Preposterous Universe

Monday, August 16, 2004
What do you call a drive-through liquor store?

Switzerland is a very cosmopolitan country (despite clinging to their own currency rather than bowing before the Euro), with no fewer than four official languages (German, French, Italian, and Romansh). On the Lufthansa flight from Frankfurt to Geneva, each announcement was first made in German and then repeated in both French and English. I don't know whether the English was simply a bow towards the universal language of the world, or whether the fact that the flight was officially a code-share with United had something to do with it.

The existence of multiple official languages must create occasional headaches. Of course, in the U.S. we don't have any official language, attempts by organizations like U.S. English notwithstanding (warning: cheesy patriotic music). And English doesn't have an official governing body, so we don't have to live through nonsense like the German spelling reform. Which I think is a good thing, since like Steven Pinker I fall firmly on the descriptivist side of the descriptivist/prescriptivist debate over the nature of language, believing that rules bubble up from the bottom rather than being imposed from the top. (Although I enjoy reading David Foster Wallace defending the opposition.)

Despite our lack of central authority, the usage of American English is probably more standardized than either French or German. But we do have charming regionalisms, which have been studied in the fascinating Dialect Survey. The Dialect Survey maps will tell you, for example, that "the devil is beating his wife" is simply Southern for "sunshower," while the important dibs/shotgun distinction has no strong geographical bias. I was interested to see that my linguistic upbringing was almost perfectly standard, in that I fall into the majority category of almost every regionalism. The one noticeable exception was that I grew up calling subs "hoagies," a distinct Philadelphia/New Jersey usage. And I am shocked to learn that nearly half of the country refers to sneakers as "tennis shoes." Takes all kinds, I guess.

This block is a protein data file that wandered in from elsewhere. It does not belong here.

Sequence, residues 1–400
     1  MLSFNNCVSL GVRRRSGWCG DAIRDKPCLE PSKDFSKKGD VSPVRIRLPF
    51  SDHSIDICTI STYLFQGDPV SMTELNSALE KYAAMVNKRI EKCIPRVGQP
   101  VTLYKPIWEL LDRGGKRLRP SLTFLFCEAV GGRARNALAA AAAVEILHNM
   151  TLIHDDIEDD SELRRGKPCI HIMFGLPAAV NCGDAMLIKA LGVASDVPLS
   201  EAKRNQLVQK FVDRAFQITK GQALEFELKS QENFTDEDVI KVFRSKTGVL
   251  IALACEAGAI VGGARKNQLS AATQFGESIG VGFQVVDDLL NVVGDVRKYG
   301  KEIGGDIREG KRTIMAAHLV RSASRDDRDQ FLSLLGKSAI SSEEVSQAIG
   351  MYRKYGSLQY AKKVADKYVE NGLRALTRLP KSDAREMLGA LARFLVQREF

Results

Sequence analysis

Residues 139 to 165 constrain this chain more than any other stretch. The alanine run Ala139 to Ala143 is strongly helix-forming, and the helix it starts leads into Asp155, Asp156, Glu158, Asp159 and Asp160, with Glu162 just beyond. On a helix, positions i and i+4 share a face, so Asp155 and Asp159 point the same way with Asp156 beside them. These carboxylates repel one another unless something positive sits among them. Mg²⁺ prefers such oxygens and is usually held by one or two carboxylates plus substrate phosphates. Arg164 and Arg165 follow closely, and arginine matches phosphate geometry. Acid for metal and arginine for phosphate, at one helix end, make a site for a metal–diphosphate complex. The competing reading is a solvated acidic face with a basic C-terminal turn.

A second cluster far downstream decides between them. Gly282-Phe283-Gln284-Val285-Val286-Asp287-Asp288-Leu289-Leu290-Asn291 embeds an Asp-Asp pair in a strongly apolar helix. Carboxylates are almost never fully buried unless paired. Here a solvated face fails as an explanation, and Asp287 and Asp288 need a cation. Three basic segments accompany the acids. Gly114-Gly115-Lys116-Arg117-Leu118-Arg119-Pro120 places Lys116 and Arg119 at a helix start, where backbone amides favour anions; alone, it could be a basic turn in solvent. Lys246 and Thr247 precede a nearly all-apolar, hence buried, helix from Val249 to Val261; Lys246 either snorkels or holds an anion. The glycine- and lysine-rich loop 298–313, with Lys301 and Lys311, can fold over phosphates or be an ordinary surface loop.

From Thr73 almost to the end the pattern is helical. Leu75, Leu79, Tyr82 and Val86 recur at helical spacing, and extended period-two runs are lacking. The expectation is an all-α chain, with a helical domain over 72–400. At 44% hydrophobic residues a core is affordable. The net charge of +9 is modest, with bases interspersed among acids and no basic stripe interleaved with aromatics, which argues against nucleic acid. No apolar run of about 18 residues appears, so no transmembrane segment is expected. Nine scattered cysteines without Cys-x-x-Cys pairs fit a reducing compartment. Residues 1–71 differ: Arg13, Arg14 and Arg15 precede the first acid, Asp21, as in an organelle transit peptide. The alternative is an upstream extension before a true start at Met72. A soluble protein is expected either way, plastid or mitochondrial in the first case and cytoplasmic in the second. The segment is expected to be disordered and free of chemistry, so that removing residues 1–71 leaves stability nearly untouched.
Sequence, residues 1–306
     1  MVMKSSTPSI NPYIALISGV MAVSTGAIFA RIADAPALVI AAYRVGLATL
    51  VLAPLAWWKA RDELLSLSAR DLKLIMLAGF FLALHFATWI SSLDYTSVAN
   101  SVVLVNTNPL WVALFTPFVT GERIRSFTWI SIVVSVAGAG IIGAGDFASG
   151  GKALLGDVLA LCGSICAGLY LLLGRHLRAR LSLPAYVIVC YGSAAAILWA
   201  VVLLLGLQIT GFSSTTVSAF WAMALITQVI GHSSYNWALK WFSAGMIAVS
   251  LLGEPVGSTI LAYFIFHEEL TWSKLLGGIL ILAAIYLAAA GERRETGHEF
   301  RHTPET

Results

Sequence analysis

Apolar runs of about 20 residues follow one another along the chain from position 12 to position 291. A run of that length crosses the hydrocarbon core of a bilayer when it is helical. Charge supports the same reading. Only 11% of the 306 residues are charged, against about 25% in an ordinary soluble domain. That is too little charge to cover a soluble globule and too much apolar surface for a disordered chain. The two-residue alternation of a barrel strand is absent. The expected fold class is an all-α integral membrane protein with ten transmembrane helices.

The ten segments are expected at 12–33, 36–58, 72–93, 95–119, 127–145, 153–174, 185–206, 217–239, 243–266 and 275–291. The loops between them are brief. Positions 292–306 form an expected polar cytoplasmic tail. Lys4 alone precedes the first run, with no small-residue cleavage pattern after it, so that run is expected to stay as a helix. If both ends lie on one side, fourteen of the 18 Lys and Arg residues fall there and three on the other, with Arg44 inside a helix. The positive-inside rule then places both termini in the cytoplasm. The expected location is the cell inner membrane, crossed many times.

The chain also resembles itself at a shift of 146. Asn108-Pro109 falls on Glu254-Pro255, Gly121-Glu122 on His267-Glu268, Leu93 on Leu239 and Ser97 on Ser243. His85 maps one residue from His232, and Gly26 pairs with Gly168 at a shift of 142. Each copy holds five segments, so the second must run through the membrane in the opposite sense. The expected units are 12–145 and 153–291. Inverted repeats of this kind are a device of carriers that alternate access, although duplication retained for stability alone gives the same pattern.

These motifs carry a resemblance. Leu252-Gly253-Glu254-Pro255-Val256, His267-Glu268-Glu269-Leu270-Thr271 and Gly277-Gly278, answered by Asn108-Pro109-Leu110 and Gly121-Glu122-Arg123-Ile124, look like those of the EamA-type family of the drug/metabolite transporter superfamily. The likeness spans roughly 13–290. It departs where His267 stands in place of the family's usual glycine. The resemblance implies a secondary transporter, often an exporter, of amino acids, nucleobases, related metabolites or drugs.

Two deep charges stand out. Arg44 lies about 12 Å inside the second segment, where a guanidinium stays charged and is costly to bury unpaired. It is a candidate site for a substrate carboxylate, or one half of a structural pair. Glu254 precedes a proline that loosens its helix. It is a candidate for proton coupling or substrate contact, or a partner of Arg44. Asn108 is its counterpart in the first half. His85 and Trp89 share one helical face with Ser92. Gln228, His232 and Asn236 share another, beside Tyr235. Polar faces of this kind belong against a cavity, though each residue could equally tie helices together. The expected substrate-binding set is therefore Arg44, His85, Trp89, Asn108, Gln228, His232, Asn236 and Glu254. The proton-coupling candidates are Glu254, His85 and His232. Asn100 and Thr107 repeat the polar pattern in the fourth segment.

Also, over seven percent of Americans have no word to describe the concept of ogling. How do they make it through the day?

Ideas on culture, science, politics.
Sean Carroll

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